A fresh showdown over an old issue

The US Congress on Thursday was to launch a fresh attempt to wrest control of the Iraq war from President George W. Bush while the White House was to report mixed progress in the conflict.

The House of Representatives was to debate and likely vote on a bill demanding the withdrawal of most combat troops from Iraq by April 1 next year, while the Senate plowed through its own emotional debate over the war.

As it struggled to contain a Republican rebellion over Iraq, President George W. Bush’s administration prepared to deliver a key interim report on its war strategy to Congress.

The report, which could be released Thursday, will declare “satisfactory” progress on only half the goals set out by lawmakers, while acknowledging political reconciliation has not been achieved, newspapers reported.

The report says most progress has been achieved on the security front, including a decline in civilian casualties from sectarian violence, the New York Times said, citing unnamed administration officials.

The White House report describes positive movement on eight of the 18 goals, a lack of progress on eight others and mixed results for two benchmarks, the Washington Post wrote.

But the report will “not conclude, as it has been characterized, that this is a colossal failure,” an administration official told the Times.

The progress report has taken on added political weight as several members of Bush’s Republican party have broken with him over the war.

While Bush was expected to cite the report as evidence his troop “surge” strategy needed to be given more time, US intelligence officials gave a much more bleak assessment of Iraq in testimony before Congress.

Thomas Fingar, deputy director of national intelligence, told a congressional committee on Wednesday “even if violence is diminished, given the current winner-take-all attitude and sectarian animosities infecting the political scene, Iraqi leaders will be hard pressed to achieve sustained political reconciliation.”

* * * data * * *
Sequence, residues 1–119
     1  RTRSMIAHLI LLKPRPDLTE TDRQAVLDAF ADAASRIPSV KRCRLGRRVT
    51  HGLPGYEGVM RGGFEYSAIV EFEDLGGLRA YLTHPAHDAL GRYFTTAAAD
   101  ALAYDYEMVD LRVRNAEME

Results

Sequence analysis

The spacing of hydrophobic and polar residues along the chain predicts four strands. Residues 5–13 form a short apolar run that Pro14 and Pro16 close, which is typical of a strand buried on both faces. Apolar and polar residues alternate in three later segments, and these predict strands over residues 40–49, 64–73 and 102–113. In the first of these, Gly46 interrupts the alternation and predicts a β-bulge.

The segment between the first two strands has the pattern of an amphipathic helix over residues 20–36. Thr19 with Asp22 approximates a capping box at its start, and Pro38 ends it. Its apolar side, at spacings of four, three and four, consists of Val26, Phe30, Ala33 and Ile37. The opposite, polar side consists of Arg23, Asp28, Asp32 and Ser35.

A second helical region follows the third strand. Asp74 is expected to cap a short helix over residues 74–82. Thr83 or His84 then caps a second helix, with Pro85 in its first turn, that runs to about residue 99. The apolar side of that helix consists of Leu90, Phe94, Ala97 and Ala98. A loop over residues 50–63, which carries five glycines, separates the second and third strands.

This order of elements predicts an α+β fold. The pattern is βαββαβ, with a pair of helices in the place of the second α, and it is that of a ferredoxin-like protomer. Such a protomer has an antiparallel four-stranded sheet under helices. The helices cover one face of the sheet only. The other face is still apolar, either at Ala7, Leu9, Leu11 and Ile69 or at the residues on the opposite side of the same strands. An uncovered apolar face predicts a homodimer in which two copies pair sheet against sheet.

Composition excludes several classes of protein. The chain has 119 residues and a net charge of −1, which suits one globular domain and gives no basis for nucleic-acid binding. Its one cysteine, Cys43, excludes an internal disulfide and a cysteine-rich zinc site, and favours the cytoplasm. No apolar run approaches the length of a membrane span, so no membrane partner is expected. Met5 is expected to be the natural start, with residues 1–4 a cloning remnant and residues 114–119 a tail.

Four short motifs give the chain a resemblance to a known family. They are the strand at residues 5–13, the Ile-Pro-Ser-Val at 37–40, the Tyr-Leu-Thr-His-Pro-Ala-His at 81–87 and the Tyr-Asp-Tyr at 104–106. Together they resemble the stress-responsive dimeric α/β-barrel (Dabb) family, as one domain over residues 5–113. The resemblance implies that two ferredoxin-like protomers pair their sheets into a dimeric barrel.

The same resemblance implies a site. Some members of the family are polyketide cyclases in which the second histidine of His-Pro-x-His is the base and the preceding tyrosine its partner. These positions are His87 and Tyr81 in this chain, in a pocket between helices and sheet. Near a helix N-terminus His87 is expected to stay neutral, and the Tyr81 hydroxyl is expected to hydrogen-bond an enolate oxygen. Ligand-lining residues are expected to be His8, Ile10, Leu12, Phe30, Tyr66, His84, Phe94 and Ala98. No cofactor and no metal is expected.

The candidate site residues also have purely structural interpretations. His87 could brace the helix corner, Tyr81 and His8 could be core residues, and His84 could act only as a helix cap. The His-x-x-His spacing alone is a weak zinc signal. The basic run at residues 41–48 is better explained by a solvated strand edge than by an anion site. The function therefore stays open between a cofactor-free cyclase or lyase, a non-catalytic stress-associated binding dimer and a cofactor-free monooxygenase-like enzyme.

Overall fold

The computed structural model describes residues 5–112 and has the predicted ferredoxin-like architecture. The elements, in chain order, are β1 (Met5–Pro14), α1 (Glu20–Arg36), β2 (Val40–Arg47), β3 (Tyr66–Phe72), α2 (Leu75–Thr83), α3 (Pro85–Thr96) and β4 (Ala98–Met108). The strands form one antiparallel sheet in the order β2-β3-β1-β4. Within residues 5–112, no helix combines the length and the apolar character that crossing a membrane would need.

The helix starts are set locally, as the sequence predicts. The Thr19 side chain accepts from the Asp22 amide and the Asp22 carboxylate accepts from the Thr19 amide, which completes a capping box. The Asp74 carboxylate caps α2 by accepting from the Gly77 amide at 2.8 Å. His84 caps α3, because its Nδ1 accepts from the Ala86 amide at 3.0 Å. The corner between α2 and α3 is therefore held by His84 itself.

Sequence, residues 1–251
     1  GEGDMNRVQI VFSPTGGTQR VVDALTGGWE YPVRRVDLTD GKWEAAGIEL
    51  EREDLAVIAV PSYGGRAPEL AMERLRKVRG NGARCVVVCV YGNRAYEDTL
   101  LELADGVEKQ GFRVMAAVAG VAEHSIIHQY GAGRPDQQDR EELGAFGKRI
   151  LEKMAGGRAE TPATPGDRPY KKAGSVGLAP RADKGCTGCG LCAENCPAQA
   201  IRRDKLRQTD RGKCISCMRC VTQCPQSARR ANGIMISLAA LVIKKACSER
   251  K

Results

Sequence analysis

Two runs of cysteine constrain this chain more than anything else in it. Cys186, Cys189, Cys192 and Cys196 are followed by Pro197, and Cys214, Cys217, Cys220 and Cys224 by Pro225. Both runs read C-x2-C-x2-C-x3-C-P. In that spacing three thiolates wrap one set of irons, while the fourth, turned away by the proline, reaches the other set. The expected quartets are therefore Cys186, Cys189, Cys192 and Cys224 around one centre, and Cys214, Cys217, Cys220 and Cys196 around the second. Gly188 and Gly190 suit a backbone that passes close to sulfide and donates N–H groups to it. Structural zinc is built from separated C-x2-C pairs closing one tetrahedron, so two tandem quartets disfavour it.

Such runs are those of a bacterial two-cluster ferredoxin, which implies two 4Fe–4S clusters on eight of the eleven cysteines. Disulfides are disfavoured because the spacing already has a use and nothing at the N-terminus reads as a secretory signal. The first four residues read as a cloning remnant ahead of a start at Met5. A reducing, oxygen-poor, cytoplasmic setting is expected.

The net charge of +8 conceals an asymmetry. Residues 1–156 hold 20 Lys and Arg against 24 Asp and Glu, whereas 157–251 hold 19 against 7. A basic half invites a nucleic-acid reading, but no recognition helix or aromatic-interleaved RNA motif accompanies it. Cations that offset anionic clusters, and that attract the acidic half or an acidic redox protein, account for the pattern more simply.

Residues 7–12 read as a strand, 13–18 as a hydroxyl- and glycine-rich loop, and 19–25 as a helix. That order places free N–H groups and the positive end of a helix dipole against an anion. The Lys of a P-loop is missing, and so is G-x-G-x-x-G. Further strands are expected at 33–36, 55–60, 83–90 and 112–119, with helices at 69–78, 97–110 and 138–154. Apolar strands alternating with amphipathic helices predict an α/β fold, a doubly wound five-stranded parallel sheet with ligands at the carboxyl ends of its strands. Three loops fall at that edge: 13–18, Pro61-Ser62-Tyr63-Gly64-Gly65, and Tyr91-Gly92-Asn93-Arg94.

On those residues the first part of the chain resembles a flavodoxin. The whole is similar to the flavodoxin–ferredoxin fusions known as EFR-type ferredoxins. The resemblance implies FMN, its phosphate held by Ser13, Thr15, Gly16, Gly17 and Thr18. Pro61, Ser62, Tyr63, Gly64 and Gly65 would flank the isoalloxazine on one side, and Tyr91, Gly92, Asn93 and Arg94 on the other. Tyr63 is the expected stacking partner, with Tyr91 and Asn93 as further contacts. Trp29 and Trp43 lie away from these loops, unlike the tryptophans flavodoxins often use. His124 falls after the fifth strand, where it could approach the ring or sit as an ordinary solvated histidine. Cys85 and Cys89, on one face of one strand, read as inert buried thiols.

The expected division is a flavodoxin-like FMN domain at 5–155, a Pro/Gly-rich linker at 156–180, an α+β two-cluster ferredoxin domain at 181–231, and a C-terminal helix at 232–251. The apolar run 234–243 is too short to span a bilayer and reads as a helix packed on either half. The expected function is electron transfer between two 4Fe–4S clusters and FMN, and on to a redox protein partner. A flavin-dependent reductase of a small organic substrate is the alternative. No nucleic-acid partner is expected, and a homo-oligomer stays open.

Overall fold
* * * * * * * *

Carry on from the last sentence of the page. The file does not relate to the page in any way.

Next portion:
Bush suffered more damage on Wednesday when another Republican senator declared she would back a Democratic bid to enforce troops withdrawals by next year.

Senator Olympia Snowe of Maine said the United States had arrived at a “crossroads of hope and reality” on the war, which has killed 3,601 US troops and tens of thousands of Iraqis, and it was time to embrace “reality.”

The White House, under withering political fire, admitted unhappiness over the war had become the ‘central fact’ of US politics, but brushed off demands to reverse Bush’s surge of 30,000 extra troops into Iraq.

“There’s a lot of skepticism among Republicans. As I told you, they’re getting an earful from constituents,” White House spokesman Tony Snow said.

National Security adviser Stephen Hadley meanwhile held meetings with worried Republicans on Capitol Hill.

The House was expected to debate all day, before voting on a measure which would require most combat troops to be out of Iraq by April 1, 2008.

The redeployment would begin within 120 days and the president would be forced to report to Congress on why soldiers should stay in Iraq for limited purposes such as fighting terrorism or training Iraqi forces.

A similar bill is also being debated in the Senate, but both approaches mirror earlier Democratic attempts to end the war which Bush vetoed.

Although Republican discontent is growing over Iraq, it is not clear if the Democrats have drawn enough ex-Bush allies to jump over the 60-vote hurdle in the 100-seat Senate needed to defeat delaying tactics by Republican leaders.

Bush’s remaining supporters in the Senate succeeded in defeating a Democratic bid to grant US troops the same amount of time to recuperate back at base as they spend in combat in Iraq.

The measure would have effectively limited the number of soldiers available for deployment to Iraq and therefore limited troop numbers.

“Republicans today proved they are more committed to protecting the president rather than protecting our troops,” said an angry Senate Majority leader Harry Reid.